On March 12, 2013 nearly 100 interested stakeholders met to discuss the progress made in the last year by the programs of the Joint Declaration of the Harkin-Engel Protocol, towards reducing child labor in the cocoa sectors of Cote D’Ivoire and Ghana.
The Child Labor Cocoa Coordinating Group (CLCCG) task force came together in September 2010 to support the implementation of the Harkin-Engel Protocol with the goal of reducing the worst forms of child labor across the cocoa sectors of Ghana and Cote d’Ivoire by 70 percent by 2020.
The CLCCG includes representatives from the US government (Senator Harkin, Congressman Engel, Department of Labor), The Ivorian government, the Ghanaian government, and the chocolate industry. The US DOL has pledged to support this initiative with $10 million and the industry has pledged $7 million, with an additional $3 million in potential increases to existing projects meeting the goals of the Harkin-Engel Protocol.
Tuesday’s meeting presented an opportunity for all participants to report out on their progress.
Here’s what we learned:
The Ivorian Government announced they had built 3,500 schools in 2012 with a plan to build 8,000 more in 2013. The effort to reduce child labor must be coupled with building schools that are accessible and affordable to the children in cocoa growing regions. The Ivorian Government estimates that a total of 36,000 schools are needed to accommodate all children in he country, and that half of this need is in the cocoa growing regions. There is still work to be done, but in one year they have built nearly 10% of the needed schools and trained 5000 teachers. By the end of next year, if they stay on schedule, the Ivory close could have close to 32% of the needed schools.
Mars announced it would spend $2.713 million in the next two years and $19 million total to address child labor in the 55 communities it works in.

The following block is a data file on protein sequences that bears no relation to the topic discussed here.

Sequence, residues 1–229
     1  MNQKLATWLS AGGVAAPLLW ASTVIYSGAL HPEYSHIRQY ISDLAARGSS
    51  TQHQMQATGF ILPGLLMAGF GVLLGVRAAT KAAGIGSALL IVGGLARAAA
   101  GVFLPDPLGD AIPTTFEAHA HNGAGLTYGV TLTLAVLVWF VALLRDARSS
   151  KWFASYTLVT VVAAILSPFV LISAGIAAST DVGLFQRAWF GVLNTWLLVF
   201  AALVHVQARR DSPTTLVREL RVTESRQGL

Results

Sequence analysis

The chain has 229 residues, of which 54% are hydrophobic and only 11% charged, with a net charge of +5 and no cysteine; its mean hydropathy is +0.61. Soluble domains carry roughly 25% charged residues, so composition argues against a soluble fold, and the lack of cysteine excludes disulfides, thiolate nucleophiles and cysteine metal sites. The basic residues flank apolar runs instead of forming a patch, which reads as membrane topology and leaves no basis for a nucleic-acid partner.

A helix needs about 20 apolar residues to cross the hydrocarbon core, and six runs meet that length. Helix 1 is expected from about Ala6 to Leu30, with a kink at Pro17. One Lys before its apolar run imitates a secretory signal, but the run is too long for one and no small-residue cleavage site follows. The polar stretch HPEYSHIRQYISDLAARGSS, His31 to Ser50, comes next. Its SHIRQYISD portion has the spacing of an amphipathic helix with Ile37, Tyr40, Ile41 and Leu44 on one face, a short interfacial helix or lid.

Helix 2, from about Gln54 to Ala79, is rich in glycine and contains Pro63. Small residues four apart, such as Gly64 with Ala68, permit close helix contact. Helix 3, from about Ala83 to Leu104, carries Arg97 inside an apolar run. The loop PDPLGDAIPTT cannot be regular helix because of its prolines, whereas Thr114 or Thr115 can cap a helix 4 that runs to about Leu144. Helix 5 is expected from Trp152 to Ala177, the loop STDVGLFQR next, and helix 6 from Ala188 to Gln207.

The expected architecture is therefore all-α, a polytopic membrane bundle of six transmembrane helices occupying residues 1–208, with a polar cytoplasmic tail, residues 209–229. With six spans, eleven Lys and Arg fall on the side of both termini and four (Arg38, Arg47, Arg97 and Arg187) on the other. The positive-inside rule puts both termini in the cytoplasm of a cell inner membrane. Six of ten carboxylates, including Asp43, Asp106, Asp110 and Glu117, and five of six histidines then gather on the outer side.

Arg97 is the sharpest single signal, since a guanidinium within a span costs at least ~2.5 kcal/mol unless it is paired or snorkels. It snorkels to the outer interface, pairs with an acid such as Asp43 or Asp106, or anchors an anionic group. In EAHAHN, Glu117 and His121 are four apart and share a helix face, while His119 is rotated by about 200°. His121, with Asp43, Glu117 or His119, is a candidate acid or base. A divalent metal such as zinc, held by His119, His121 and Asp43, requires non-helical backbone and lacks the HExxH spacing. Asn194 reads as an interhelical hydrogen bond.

Kraft/Mondelez pledged $2.3 million to its programs in Ghana to improve school infrastructure, install solar energy, and provide bicycles so children can get to school more easily.
Nestle has committed $1.5 million over 4 years, and is aiming to build or refurbish 30 schools. So far they have 10 school projects in process.
Ferrero committed $1.14 million over the next three years to work with SourceTrust to focus on monitoring child labor in Ghana. In year one they have worked in 48 communities, and they aim to touch 176 communities by 2015.
Barry Callebaut announced it had committed $300,000 and had built two schools. (This is in addition to seven they have already built).
Hershey spoke about CocoaLink, its text messaging program for farmers in Ghana, to which it has pledged $600,000. This program launched in March of 2011 and to date has 3,720 subscribers registered in Ghana, where there are an estimated 700,000+ cocoa farmers. CocoaLink has reached less than 1% of cocoa farmers in Ghana, no farmers in Cote D’Ivoire to date, and lacks metrics on how effective this program has been in the last two years to prevent child labor.
So, overall, we learned that some progress is being made, but that some may be working harder and more urgently to address child labor on the ground.
Collectively, the companies listed have revenues in the hundreds of billions, and far more than the country of Cote D’Ivoire, a country with an estimated GDP of $24 billion. The fact that these companies together have only built a few dozen schools so far, hardly a nick in the estimated need of 36,000, is worrisome.
We hope that all players will continue to work in partnership with one another to achieve the best results for children in cocoa growing regions, and we look forward to Tulane University’s 2014 report on the progress that has been made by the members of the CLCCG.